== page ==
We next studied the kinetics of infection in albino C57BL/6J with different doses of MFlum1 from 105 to 107 bacteria per mouse. The kinetics of bioluminescence were similar using a dose of 106 or 107 leptospires per injection, and the kidneys of all mice were colonized (Fig. 3A). However, at a dose of 106, the extent of the bioluminescence was reduced both at the acute phase of dissemination and at the chronic phase compared to the dose of 107 (Fig. 3A). At the lower dose of 105, no growth of bacteria or renal colonization occurred. These results suggest that the blood immune response is able to control a certain degree of L. interrogans infection, with efficient clearance of the bacteria in the first dpi, following a dose of 105 or below. However, at higher infecting doses, although most of the bacteria were cleared at 6 dpi, L. interrogans succeeded in colonizing the kidneys. Hence, the threshold of the IP infection dose associated with renal colonization was 106 bacteria per mouse, and interestingly, the extent of renal colonization was proportional to the infecting dose (Fig. 3A).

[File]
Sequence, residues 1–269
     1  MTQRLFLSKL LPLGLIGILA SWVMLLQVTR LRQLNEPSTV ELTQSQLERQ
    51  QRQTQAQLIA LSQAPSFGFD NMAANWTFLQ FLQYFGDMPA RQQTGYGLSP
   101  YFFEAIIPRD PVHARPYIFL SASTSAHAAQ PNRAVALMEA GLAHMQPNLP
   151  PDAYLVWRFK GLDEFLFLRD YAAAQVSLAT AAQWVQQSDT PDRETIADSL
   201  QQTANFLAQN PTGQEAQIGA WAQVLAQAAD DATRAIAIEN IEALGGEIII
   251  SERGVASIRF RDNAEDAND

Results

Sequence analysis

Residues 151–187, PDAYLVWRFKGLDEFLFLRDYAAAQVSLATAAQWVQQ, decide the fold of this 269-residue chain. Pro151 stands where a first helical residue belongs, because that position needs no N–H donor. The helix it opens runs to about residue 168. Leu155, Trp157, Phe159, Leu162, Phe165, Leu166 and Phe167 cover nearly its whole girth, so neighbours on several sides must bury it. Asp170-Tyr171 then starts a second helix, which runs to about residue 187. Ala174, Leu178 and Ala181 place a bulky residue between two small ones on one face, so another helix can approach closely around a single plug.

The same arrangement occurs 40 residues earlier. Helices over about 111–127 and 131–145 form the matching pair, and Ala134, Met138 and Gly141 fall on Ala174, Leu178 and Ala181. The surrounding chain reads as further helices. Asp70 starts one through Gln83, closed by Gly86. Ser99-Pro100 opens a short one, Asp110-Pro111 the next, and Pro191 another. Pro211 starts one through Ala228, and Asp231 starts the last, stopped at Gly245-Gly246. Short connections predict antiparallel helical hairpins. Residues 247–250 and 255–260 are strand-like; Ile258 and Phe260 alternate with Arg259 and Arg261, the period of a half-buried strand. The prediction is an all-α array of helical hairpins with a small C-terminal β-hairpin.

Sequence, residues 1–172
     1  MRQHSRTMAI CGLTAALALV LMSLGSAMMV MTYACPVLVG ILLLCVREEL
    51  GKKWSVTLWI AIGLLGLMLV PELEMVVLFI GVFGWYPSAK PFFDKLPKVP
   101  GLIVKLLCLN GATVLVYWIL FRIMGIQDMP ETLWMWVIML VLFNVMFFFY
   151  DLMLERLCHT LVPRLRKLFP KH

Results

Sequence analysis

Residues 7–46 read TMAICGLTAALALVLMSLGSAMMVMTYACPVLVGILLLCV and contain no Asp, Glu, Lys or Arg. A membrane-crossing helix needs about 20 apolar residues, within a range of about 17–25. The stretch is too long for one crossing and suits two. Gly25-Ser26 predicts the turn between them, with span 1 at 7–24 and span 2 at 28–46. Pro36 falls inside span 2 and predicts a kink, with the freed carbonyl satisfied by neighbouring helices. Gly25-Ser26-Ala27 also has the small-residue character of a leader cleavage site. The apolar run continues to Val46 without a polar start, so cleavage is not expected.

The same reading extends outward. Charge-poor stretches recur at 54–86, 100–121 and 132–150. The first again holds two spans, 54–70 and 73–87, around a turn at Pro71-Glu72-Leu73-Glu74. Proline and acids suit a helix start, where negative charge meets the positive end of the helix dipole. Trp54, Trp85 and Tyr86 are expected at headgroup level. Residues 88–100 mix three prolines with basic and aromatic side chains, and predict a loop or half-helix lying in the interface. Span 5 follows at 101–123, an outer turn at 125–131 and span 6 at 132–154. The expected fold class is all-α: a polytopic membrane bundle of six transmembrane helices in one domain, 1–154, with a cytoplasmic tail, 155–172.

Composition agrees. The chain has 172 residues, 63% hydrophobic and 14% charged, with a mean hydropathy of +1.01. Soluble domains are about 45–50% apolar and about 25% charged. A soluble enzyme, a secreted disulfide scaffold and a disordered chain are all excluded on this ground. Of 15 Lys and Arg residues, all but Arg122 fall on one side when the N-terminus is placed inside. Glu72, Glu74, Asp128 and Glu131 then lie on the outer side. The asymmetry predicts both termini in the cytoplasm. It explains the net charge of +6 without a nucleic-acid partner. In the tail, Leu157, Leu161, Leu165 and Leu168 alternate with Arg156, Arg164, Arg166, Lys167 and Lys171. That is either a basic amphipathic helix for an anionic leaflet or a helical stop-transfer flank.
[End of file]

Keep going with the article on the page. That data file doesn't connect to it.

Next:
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Figure 3. Threshold of infective dose of MFlum1 to obtain renal colonization.